Bleeding Edge is an elegiac yet compulsively readable novel. The humour crackles, eliciting chuckles on almost every page. No one works magic with words like Pynchon, and here he is at the height of his powers, by turns gripping, thought-provoking, inventive, touching and poetic, not to mention warmly human.

Sean Carroll, Nature

Pynchon makes interesting observations about life, there are lovely twists of lyricism throughout, the dialogue is punchy and believable, the jokes are funny.

Darragh McManus, Irish Independent

Maxine is a fraud investigator and mother of two in pre-9/11 Manhattan, but a peek into the books of a tech billionaire uncovers – this is a Pynchon novel after all – a vast conspiracy.


But the big surprise of Bleeding Edge is how tender it is. The novel makes an appeal for the survival of innocence in a hostile world. Pynchon wants to find a way out of paranoia and conspiracy, even as he forces the reader deeper into them… The novel really feels like the work of a writer coming to terms with the world. And while he may not like much of what he finds out there, he wants there to be a place for innocence somewhere. As everything falls apart, there's a real yearning in Bleeding Edge for at least some things to hang together.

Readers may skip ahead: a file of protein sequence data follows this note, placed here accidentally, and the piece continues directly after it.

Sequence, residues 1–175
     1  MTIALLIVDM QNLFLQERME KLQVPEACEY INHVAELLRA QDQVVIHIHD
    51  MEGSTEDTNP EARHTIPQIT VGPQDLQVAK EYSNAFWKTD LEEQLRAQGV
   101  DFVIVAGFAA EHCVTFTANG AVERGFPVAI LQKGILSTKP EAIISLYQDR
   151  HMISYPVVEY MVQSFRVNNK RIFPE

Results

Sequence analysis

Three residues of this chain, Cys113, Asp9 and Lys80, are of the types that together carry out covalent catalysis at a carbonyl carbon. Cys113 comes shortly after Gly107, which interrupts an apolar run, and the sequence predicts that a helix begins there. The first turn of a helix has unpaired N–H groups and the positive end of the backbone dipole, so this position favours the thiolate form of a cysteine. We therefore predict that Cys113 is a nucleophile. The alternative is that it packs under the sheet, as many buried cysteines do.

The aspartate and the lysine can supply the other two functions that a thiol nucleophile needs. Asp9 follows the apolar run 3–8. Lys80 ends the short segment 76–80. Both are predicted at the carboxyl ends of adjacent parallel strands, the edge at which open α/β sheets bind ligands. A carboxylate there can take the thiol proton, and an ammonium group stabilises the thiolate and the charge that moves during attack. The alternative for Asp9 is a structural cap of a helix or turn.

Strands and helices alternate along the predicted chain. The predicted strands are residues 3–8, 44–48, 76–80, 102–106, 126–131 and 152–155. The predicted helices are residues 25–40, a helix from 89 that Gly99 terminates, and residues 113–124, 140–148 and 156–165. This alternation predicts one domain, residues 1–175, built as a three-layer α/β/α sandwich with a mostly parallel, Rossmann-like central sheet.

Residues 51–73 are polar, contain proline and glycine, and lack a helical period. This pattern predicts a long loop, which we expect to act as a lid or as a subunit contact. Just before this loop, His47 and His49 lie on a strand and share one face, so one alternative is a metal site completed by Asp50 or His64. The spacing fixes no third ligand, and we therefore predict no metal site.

David Barrett, Standpoint

Enormous fun… Deserves a place alongside Pynchon’s finest works.

James Kidd, Independent on Sunday

Pynchon’s latest novel is a historical romance set in during the internet’s infancy in the spring of 2001.

Jo Ellison and Violet Henderson, Vogue

Bleeding Edge is a romp. On full display are Pynchon’s trademark linguistic and imaginative acrobatics… It may sound frivolous but an emotional maturity counterpoints the silly songs, deliberately bad puns, and pop-cultural references

Irish Examiner

When he’s in his hardboiled vein, [Pynchon] writes the most entertaining dialogue in any year.

Tom Stoppard, Guardian

Pynchon's best novel since Mason & Dixon, an exhilarating shaggy-dog private-detective story that punctured its own garrulous charm with sharp stabs of betrayal and threat. Astonishing, too, that that a 76-year-old should produce a novel with such wild and slangy bounce.

Tim Martin, Telegraph

Pynchon at his most hilarious, it gave way to more sombre realities involving a suspicious Silicon Alley tech company and its possible links to international terrorism and who knows what else.


Suspenseful and darkly humorous.

Michael Dirda, Times Literary Supplement

Intriguing, and probably the most straightforwardly readable of his books.

Gordon Brewer, Herald

A thrilling ride through the first tech bubble, filled with "bleeding edge" technology... Accomplished, funny and digressive.

Financial Times

Pynchon's take on the attack on the Twin Towers. Will he reject the conspiracy theories of the "truthers" or spin some new conspiracies of his own? I think the answer is both. But I wouldn't swear to it.

Gordon Brewer, Scotsman

· Pynchon delivered a piece of typically raggedy brilliance with Bleeding Edge.

Stuart Kelly, Scotsman

Engrossing, hilarious and shocking.

Jonathan Jones, Guardian

Pynchon’s high-energy writing crackles with dark wit and foreboding

Mail on Sunday

Playful and paranoid New York noir

Adam Boulton, New Statesman

Readers will have to decide for themselves how they feel about an open-ended mystery, but for those who don’t care so much about the destination, the journey is more than worth it

Stephen Joyce, Nudge